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Fewer Couples Say 'I Do'

Marriage has weakened as an institution in the United States, with fewer people saying "I do" than at any time in the nation's history, according to a new study.

Moreover, fewer people who tie the knot report being "very happy" in their marriages, according to findings released Thursday by the National Marriage Project at Rutgers University.

The study, The State of Our Unions: The Social Health of Marriage in America, found that the national marriage rate has dropped 43 percent over the past four decades to its lowest point ever.

The study reviewed statistics on marriage and divorce from the last four decades to find out how many people were getting married, at what age, and how many of those marriages lasted. It also based some conclusions on interviews, which included discussions with teens on their views of marriage.

David Popenoe, the Rutgers sociologist who co-authored the study said that the young generation's outlook on marriage is troubling.

He says that today's teens, "still have the goal - fortunately - for having a long-term relationship. But they just are increasingly less sure that they're going to be able to make that goal. And, of course, the reasons are all around us."

Researchers blamed the declining trend on more couples opting for alternatives such as living together outside of marriage or putting off the vows until later in life.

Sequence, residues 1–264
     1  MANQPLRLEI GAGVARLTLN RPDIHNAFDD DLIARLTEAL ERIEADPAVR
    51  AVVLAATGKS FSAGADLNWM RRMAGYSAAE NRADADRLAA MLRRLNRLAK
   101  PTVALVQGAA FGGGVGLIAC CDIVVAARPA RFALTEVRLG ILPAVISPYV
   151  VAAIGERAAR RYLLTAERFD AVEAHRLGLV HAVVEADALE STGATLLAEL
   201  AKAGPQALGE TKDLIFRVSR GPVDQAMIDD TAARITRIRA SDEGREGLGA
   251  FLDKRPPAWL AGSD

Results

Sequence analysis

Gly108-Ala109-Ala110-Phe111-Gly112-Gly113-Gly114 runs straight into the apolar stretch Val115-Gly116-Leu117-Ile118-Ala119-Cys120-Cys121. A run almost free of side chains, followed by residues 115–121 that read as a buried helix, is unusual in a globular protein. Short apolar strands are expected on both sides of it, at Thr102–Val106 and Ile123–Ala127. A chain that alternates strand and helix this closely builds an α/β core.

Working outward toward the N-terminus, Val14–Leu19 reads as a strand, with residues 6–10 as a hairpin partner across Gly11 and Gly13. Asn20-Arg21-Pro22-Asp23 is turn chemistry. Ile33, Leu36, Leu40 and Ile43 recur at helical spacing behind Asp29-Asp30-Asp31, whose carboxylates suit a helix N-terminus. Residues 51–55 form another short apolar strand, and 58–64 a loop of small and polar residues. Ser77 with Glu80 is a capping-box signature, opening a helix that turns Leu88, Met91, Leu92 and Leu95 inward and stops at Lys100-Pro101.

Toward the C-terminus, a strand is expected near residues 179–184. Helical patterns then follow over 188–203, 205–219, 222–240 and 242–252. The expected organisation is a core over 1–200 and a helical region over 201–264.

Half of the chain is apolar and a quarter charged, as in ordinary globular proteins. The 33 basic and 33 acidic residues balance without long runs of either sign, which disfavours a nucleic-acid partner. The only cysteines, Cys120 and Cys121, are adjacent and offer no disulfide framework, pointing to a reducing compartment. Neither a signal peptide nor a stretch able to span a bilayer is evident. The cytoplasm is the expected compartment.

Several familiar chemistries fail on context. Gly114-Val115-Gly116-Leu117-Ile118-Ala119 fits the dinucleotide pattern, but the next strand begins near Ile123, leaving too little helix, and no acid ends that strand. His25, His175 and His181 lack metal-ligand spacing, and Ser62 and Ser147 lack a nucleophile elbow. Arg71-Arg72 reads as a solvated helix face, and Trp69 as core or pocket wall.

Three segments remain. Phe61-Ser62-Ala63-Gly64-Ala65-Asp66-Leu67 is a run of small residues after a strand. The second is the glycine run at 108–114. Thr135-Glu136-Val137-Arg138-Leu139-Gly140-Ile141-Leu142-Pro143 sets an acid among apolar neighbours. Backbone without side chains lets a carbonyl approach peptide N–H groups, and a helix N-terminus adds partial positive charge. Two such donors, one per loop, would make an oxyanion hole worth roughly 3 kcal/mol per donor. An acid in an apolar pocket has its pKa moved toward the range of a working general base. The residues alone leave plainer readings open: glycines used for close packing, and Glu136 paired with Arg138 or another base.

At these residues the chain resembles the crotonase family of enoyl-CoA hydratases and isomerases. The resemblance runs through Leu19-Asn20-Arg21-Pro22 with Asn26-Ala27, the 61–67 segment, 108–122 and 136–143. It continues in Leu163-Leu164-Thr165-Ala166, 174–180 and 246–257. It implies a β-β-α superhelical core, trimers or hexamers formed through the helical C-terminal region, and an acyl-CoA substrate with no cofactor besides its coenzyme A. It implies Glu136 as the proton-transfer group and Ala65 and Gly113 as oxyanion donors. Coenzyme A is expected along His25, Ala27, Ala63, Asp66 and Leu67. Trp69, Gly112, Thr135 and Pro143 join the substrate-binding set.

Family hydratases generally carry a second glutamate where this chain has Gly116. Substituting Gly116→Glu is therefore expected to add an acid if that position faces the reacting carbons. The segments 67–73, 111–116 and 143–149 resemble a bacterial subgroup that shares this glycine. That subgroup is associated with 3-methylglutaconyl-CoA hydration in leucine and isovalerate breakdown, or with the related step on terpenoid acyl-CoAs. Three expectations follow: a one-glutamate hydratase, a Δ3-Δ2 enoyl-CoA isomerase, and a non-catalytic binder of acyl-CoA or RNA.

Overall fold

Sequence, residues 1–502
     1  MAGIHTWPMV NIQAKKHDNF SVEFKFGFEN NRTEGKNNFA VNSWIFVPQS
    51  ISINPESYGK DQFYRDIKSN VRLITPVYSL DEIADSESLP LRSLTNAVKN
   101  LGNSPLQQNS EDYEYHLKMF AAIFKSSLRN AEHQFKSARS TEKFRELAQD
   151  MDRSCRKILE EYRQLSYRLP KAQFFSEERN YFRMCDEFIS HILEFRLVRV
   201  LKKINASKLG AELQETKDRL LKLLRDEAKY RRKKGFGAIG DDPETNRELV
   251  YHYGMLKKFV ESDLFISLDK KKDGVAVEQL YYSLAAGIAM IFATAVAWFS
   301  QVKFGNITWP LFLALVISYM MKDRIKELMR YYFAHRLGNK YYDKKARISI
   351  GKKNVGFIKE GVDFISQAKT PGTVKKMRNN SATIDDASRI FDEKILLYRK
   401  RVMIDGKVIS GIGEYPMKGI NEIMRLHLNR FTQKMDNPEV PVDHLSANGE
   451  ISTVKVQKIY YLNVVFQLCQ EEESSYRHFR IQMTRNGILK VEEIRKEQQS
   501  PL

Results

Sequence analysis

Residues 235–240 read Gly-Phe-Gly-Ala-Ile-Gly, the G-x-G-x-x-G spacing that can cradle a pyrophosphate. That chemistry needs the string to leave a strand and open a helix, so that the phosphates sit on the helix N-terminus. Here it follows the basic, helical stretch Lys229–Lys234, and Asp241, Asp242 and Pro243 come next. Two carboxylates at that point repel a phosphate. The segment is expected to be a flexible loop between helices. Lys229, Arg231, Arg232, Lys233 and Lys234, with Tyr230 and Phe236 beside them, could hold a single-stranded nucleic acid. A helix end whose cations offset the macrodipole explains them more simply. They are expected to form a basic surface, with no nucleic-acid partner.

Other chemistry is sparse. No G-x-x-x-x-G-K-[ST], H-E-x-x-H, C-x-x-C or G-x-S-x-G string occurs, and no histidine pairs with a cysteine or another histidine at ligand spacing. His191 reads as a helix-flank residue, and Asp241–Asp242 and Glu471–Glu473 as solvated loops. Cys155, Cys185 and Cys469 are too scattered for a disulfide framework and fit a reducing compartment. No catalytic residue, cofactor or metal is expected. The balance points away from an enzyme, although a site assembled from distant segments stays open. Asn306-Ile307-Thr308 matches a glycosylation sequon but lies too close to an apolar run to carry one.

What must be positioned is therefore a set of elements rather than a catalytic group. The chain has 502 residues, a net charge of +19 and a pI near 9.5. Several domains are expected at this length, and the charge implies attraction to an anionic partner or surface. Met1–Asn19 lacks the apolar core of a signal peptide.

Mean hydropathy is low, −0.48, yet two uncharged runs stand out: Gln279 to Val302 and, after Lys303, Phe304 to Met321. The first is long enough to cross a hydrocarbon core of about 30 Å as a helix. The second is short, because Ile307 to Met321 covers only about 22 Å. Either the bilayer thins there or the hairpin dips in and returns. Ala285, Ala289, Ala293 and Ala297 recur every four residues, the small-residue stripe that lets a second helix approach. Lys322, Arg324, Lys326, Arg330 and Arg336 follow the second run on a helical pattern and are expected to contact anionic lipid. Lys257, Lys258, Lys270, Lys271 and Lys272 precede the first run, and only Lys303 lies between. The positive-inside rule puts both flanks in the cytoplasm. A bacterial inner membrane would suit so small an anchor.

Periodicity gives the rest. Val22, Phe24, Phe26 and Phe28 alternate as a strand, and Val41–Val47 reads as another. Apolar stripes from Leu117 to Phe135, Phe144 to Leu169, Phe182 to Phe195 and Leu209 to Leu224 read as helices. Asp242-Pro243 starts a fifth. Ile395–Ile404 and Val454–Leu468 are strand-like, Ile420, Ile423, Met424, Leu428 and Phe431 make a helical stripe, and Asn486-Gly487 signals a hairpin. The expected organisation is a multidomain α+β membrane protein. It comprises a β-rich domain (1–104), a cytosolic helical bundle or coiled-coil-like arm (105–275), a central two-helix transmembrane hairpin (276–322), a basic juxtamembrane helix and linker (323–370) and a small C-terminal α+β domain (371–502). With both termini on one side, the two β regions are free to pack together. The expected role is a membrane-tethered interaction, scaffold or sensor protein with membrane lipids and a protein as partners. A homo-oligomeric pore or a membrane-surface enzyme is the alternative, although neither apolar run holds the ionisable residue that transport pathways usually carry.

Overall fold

"I'm worried most because of the teen-agers," Popenoe said. "With the breakdown of the family, peer culture -- which includes pop culture -- has gotten stronger. Nothing could be more anti-marriage than much of popular culture."

Before declining slightly in recent years, the nationwide divorce rate had grown since 1970. Today, nearly half of married couples in the U.S. eventually split up.

According to the study, only 30 percent of girls and 40 percent of boys responded that married people are happier than those who stay single or live with a mate out of wedlock. In the late 1970s, about 39 percent of girls and 38 percent of boys agreed with that statement.

Teen girls especially seem to have lost some faith in the idea of finding a lifetime mate.

From 1976 to 1980, 68 percent of teen girls surveyed thought it was likely they would stay married to the same person for a lifetime. In 1995, it was 64 percent.

However, the percentage of boys who thought they would have only one mate has increased, from 57 percent during the 1976-1980 period to 59 percent in 1995.

The study also showed that most teen-agers surveyed thought a good marriage and family life was important. Of boys, 72 percent thought a good marriage was important, as did 83 percent of girls.

Those numbers have increased from the mid-1970s, when 69 percent of boys and 80 percent of girls thought a good marriage was important.

Popenoe said teens seemed to believe in marriage, but were negative when it came to themselves. He said so many teens have seen or livd through divorces and don't have good examples of marriage to emulate.

"Teens don't even know anyone who's happily married," Popenoe said. "They become scared and pessimistic."

He said the data shows that the institution of marriage is seriously weakening.

"As an American society, we ought to look closely at what is happening and try to, at least, start a discussion to see what we can do to help save this important institution," Popenoe said.